Nightingale, a suite of apps and tools created by MIT students Eric Bakan and Delian Asparouhov, helps healthcare professionals practicing evidence-based therapy for patients with autism. Clinical and school administrators can use Nightingale’s cloud-based technology to standardize data collection and access data from any device. Service providers, including ABA therapists and SLPs, can use the tools throughout the data capture and analysis process, and parents can use Nightingale’s tools to make the therapy process more transparent by keeping track of whom their child is interacting with, what he or she is working on, and how he or she is performing. According to Nightingale’s website, it “interprets data to provide actionable insights and guide practitioners in achieving the optimal outcome for every individual.”
Notion is an iOS app that is “like YikYak, just more relevant.” It’s an anonymous posting app for social issues, offered by a company called Ecoviate, which was founded several years ago by Param Jaggi. The rules of the app are simple: “Play nice” and “Get controversial.” Users can choose from among a number of different topics to post about — abortion, climate change, the death penalty, gay rights, gun control, healthcare, and marijuana — and post anonymous messages on their thoughts on the topic. They can upvote and downvote others’ posts, and post replies. Browsing a topic, they can also filter posts by what’s new and what’s hot.
Ponder, created by Tyler Mateen and William LeGate, is an app that enables you to “see the world’s opinion” on any content you post. Ponder functions as a social network where you can post content and receive crowdsourced ratings from your followers and from the people around them. As the app’s AngelList profile explains, “Ponder is a fun and interactive way to get feedback on your content. Choose photos or text and put them up for your friends to vote on and discuss. Or, for more intimate content, post anonymously and get honest feedback from those around you. Getting a second opinion has never been easier.”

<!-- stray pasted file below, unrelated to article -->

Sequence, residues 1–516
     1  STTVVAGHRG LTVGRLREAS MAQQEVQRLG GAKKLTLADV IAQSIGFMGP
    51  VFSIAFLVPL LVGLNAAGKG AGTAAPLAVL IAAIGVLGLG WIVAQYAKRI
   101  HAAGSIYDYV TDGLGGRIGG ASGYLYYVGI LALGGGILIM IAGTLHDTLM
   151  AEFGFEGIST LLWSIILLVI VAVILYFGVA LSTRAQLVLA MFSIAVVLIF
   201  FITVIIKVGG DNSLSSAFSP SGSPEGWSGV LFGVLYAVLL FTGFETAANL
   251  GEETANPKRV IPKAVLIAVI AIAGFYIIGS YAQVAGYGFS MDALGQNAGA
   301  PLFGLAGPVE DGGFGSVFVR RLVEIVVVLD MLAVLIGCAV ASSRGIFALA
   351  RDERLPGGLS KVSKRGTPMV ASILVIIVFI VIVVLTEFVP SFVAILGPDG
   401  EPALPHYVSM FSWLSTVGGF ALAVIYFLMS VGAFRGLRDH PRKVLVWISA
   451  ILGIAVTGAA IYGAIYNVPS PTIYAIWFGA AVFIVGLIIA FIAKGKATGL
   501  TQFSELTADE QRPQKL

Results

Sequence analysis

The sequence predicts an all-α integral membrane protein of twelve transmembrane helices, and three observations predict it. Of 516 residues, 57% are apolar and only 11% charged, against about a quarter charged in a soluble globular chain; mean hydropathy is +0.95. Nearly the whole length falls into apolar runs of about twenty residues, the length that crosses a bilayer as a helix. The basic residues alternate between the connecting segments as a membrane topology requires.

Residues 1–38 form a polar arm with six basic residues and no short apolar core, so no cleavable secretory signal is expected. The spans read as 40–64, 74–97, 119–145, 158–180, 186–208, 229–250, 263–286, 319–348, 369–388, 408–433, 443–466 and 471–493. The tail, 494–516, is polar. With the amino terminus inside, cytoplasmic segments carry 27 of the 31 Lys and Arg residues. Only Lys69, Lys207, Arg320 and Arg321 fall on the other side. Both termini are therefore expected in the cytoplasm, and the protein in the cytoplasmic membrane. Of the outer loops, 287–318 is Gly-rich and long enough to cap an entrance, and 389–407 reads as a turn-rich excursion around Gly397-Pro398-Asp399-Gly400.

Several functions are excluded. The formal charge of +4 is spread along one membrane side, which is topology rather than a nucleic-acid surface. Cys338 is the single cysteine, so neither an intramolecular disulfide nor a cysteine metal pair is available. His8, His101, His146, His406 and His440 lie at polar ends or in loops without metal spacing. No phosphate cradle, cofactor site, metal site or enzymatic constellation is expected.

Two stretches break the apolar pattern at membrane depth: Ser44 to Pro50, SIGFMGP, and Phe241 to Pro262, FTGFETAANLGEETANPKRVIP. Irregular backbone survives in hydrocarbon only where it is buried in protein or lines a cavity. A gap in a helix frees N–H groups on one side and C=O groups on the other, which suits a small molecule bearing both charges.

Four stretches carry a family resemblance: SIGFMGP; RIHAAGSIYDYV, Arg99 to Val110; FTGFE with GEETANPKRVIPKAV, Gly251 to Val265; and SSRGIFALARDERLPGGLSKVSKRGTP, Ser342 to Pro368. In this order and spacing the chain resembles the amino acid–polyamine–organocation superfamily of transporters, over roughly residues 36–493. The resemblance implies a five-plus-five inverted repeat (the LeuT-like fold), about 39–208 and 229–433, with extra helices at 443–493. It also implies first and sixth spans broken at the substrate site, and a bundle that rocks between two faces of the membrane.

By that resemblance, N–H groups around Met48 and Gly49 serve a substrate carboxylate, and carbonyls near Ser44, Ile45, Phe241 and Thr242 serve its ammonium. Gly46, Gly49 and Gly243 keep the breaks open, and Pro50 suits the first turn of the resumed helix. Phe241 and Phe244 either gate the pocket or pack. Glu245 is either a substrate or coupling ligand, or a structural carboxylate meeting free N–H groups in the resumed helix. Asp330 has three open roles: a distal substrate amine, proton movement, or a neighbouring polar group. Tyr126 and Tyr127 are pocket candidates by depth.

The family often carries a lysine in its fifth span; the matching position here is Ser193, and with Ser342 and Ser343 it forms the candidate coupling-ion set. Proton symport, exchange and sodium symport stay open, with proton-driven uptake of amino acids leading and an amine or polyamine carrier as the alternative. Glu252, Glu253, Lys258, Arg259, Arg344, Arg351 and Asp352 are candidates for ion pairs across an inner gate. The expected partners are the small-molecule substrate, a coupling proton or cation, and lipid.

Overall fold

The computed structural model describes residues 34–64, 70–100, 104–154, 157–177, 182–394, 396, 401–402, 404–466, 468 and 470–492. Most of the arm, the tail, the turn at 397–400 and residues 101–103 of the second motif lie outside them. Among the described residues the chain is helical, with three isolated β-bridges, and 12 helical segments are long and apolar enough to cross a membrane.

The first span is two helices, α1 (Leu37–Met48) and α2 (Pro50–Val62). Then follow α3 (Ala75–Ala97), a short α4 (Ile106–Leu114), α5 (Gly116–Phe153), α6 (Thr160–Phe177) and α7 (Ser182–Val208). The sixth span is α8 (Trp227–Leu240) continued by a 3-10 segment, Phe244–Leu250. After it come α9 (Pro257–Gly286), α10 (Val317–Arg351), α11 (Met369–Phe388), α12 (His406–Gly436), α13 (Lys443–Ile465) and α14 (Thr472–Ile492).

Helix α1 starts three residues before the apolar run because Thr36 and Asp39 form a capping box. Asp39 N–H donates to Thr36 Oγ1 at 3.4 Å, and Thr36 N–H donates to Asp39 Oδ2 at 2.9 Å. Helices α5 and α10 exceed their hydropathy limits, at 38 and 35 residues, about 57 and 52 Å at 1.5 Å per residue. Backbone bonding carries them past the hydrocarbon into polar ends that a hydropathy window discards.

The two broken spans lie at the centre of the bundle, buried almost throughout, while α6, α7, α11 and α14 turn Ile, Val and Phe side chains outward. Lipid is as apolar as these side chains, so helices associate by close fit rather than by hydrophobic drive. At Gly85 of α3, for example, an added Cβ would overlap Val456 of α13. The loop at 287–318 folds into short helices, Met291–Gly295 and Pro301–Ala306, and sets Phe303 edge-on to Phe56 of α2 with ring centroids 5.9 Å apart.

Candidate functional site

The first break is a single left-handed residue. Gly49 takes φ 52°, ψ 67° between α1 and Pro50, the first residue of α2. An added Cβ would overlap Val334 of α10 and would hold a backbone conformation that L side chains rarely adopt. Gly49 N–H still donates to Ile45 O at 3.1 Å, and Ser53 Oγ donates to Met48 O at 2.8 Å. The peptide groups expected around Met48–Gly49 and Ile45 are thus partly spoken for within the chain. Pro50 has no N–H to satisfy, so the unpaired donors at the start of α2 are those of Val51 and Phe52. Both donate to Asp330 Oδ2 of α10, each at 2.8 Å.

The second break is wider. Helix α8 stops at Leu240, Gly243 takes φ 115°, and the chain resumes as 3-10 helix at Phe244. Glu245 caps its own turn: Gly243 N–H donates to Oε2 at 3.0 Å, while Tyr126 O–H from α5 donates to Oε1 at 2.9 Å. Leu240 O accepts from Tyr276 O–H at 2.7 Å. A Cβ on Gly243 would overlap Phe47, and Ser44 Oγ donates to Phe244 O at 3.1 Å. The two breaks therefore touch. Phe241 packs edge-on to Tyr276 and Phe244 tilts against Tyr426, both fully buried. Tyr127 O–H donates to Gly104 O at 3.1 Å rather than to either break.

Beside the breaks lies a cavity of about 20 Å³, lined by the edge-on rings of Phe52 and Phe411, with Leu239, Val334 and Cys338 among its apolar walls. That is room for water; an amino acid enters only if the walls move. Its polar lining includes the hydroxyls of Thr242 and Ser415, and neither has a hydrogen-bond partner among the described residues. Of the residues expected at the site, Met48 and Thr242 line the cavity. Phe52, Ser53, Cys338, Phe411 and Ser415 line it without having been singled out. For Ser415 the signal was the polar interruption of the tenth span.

Represent is a site that offers “a better way to resume,” from Shipp, a team of developers and designers that consists of Brandon Jacoby, Jordan Singer, and Jeremy Goldberg. The site enables you to create a beautiful and professional resume in minutes. Goldberg wrote on Medium last year that “creating a resume has often been a laborious and outdated process,” as many people don’t know where to start, still rely on offline tools, and rely on external platforms like email and social networks to share their resume. So Goldberg and his friends “decided to build the experience that we ourselves wanted,” building Represent as a tool to create resumes that work the same on the web, in PDFs, and on mobile devices.
Workflow is an iOS app from DeskConnect, a company founded by Nick Frey, Conrad Kramer, Ben Feldman, and Ari Weinstein. Workflow enables you to create automated workflows on the iPhone or iPad, connecting apps and actions together to automate the tasks you complete on your device. The app includes more than 200 actions for your device and for your apps, and you can create a workflow by dragging and dropping these actions. You can even “make your own apps” by adding workflows as their own apps on the home screen, enabling you to launch them with a tap. Workflow also features a gallery, where you can discover advanced workflows that other users have made, and share your own workflows with the community. You can also create extensions that plug in to other apps, enabling you to make PDFs in Safari, add voice memos to Evernote, or upload a photo and get a Dropbox link in a single step.